After more than three hours of testimony during its Nov. 2 meeting, the city's Board of Adjustments (BOA) couldn't agree on whether or not to push forward an application that would allow Narconon Gulf Coast to add more patients to its existing facility.
"Statistically, this is a risk for our community," said Tiara Cameron, whose Crystal Beach home sits directly behind the facility. "We should err on the side of safety and precaution."
Cameron, a mother of three, also sent a letter to the city where she wrote that city's priority should be to "attract vacationers and not drug addicts to Destin." As of Oct. 25, the city had received more than 20 letters in opposition to the change.
The adults-only treatment program, which has two locations in Destin, treats everything from opiate addiction and alcoholism to prescription pain killer addiction and other substance abuse problems. The non-profit organization recently submitted an application that would allow them to increase the number of "students" as they are called in their smaller facility from six to 12.
Narconon opened its first facility in Destin eight years ago. In 2008, city leaders and unhappy residents looked to block the treatment facility from opening a second location, which ultimately was unsuccessful.
Debra Ross, the facilities executive director, told board members that the smaller facility is used as an "educational center" where people go to as part of their treatment. They spend time doing bookwork and working on their "battle plan" for when they complete the program.
"Our students come from all walks of life and these are people who want to change their lives, who want to get better," Ross told the board. "They are monitored 24 hours a day… safety is our No. 1 concern."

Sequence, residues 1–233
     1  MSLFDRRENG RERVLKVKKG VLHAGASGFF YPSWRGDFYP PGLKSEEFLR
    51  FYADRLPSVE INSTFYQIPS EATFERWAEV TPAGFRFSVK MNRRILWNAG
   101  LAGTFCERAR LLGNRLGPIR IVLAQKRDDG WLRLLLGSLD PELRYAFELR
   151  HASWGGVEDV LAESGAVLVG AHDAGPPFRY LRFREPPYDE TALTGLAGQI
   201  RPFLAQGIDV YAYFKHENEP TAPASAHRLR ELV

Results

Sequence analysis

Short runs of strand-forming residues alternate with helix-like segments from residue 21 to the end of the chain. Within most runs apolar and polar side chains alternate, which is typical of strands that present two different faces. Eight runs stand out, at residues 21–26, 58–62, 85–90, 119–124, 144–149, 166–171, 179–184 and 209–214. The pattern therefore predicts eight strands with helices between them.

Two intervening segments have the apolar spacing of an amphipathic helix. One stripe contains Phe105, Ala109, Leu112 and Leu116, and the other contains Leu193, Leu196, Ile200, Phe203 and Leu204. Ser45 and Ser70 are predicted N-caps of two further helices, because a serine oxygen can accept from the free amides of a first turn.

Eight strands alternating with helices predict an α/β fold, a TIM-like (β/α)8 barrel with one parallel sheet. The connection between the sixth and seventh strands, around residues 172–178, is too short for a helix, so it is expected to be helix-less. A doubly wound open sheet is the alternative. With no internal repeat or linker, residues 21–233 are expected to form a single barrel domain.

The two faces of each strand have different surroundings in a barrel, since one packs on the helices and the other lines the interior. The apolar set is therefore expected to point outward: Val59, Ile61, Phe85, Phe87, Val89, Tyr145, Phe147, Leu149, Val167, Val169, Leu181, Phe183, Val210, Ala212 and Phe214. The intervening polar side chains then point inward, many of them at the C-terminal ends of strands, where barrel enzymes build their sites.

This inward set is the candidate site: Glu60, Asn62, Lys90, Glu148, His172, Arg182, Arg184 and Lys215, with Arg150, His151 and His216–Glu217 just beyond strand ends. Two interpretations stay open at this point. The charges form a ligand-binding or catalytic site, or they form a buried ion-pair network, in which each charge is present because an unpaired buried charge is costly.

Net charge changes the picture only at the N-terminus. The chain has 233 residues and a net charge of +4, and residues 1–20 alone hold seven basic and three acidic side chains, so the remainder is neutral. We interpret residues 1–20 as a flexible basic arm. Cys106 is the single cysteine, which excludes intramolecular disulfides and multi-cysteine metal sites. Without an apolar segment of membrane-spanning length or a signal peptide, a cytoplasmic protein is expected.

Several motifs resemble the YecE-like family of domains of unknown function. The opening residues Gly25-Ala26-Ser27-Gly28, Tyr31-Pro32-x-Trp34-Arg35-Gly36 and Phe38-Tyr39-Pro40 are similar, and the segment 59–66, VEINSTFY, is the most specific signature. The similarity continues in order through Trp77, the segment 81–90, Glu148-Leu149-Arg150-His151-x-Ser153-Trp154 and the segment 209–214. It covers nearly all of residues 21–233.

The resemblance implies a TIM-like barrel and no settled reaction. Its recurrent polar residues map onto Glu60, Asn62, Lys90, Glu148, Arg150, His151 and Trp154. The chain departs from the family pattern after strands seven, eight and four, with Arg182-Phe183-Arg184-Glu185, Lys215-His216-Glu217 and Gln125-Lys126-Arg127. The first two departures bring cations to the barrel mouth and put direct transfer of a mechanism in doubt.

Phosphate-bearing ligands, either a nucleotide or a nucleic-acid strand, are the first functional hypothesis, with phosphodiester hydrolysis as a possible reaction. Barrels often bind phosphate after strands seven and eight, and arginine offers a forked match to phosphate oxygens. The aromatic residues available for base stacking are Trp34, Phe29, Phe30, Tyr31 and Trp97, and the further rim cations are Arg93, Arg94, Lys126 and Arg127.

While most of the talk during the latest hearing was in opposition, board member Cyron Marler was supportive of the proposal. He told the board the biggest problem he saw was "fear of the unknown."
"There are so many unknowns, you can sit there all day and talk about all the unknowns, but whatever happened to giving second chances? Whatever happened to people being given a chance?" he said. "I understand residents' concerns… you have to give something a chance before you say no."
With the decision in their hands, the BOA took two votes. The first vote, which tied 2-2, was to approve the application and the second vote, to deny the application, also deadlocked at 2-2.
A memorandum from the city's planning division says that the BOA's decision can be appealed to the circuit court within 30 days of the ruling.
Ross told The Log she would have to speak with her attorney before she could comment on the whether or not an appeal would be filed. She didn't get back to The Log before press time.